That approach should create echoes of prime Russell Wilson in Seattle, where the public narrative was “Let Russ Cook!” but the Seahawks coaching staff seemed permanently reluctant to ever put the game in his control as much as other quarterbacks throughout the league.

Russell Wilson Career PFF Grades
Subscribe to PFF+ to unlock the world's most advanced football database!

Subsequent events have muddied the picture, but the Seahawks under Pete Carroll seemed to always believe that Wilson was at his best if he was being protected by the offense more than some other quarterbacks, and they could maximize his efficiency and his impact in that way.

Only San Francisco ran the ball more last season than Smith's Falcons as a percentage of their offensive play calls — and they were playing with a significant lead far more often. On first down, the Falcons had the highest run rate in the game (56.2%). And overall, only the Vikings used play action more often.

Arthur Smith could well be the key to rediscovering the best form of Wilson as a starting quarterback, bringing back the player who was so good for the Seahawks for a decade.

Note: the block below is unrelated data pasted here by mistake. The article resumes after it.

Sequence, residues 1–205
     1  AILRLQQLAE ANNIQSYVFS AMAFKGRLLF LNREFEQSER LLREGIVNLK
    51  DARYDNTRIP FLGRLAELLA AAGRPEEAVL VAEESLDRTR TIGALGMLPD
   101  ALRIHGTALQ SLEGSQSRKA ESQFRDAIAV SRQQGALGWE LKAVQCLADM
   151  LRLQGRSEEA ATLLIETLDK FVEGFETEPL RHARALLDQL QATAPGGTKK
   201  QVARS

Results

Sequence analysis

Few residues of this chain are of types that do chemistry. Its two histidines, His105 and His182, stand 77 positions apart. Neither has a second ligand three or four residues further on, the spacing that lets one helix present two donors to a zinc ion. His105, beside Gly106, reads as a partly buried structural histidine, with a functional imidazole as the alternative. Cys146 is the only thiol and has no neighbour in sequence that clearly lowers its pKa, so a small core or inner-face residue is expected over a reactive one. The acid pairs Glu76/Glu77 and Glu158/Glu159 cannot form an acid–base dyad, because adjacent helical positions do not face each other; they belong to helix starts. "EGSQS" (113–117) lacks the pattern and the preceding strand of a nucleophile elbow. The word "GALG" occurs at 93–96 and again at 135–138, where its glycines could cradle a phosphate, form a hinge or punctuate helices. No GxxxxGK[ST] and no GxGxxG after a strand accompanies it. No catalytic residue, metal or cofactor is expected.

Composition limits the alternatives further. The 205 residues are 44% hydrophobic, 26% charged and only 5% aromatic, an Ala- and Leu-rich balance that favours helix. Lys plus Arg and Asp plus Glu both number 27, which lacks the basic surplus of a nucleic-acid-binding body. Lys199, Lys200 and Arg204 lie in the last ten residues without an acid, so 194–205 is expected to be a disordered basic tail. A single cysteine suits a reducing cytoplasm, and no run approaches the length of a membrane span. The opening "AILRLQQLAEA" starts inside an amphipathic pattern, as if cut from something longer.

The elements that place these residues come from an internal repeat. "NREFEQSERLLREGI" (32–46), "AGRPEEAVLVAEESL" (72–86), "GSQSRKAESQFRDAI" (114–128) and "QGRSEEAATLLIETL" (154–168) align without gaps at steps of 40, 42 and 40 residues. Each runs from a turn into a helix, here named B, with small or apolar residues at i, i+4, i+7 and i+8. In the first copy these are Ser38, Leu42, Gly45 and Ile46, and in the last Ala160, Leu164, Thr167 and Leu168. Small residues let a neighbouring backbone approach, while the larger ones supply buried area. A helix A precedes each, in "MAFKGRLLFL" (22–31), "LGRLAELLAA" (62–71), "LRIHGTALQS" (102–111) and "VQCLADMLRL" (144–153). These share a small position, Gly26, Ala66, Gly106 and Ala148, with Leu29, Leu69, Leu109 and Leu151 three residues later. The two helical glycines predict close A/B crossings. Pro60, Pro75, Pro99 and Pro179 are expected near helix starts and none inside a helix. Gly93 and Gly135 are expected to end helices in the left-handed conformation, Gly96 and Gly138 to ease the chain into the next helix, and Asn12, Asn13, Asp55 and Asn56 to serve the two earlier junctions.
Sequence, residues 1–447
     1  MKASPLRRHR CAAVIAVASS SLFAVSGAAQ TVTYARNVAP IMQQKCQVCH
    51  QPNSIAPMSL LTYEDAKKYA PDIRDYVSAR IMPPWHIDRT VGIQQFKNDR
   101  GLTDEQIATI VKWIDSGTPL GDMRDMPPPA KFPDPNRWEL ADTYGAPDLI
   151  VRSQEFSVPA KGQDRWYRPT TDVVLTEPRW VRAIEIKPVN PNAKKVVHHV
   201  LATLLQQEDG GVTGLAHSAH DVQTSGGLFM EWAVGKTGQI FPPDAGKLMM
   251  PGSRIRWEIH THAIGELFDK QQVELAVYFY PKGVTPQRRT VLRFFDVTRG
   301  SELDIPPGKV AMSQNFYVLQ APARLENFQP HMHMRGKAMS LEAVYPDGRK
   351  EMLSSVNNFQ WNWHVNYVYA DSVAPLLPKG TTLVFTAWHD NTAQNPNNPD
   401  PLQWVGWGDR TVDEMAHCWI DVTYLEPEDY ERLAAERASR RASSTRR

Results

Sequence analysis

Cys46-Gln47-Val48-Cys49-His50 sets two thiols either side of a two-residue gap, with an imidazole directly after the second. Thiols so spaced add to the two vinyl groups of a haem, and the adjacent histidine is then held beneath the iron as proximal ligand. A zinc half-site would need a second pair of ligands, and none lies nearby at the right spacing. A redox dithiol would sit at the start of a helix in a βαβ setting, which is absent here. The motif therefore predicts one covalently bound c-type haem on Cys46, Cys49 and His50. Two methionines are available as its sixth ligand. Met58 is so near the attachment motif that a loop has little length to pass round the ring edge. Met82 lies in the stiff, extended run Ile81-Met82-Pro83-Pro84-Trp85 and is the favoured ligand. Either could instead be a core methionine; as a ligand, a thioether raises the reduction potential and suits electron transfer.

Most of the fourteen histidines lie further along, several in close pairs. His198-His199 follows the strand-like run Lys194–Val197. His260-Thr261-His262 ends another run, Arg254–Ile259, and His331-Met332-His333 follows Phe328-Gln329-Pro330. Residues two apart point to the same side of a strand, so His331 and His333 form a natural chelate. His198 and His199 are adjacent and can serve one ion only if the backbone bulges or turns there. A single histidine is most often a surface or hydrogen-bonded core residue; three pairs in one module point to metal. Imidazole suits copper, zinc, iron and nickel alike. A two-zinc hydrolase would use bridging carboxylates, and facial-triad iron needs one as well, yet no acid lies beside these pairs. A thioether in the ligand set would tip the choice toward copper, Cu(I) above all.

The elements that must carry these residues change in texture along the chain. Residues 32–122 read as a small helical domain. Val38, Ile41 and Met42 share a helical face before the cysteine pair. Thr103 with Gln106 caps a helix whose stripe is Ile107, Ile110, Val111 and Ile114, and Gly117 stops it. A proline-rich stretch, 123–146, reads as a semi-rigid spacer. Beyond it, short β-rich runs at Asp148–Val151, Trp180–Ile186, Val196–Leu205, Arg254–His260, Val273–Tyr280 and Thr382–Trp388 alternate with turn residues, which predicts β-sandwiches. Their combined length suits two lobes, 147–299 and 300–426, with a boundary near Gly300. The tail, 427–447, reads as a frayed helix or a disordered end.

On the other hand, there are ways that Smith’s offense differs from those of Seattle during Wilson’s peak years — some that may lean on his weaknesses more.

Smith’s scheme likes to target the middle of the field — though perhaps less than the narrative would suggest — and that’s an area Wilson has never excelled in, even at his best.

Imagine a box in the middle of the field 15 yards in from each sideline and between the line of scrimmage and 20 yards deep off the line. Last season, Smith’s Falcons targeted that box 26.5% of the time, just below the league average of 27.5%. During Tannehill’s breakout season in Tennessee, the number was 31.5%. 

The proliferation of the Shanahan and McVay schemes in recent years has moved the goalposts when it comes to attacking the middle of the field, and four teams last season had a higher rate than that Tennessee offense of 2019, with Shanahan’s 49ers leading the league at 37.5%.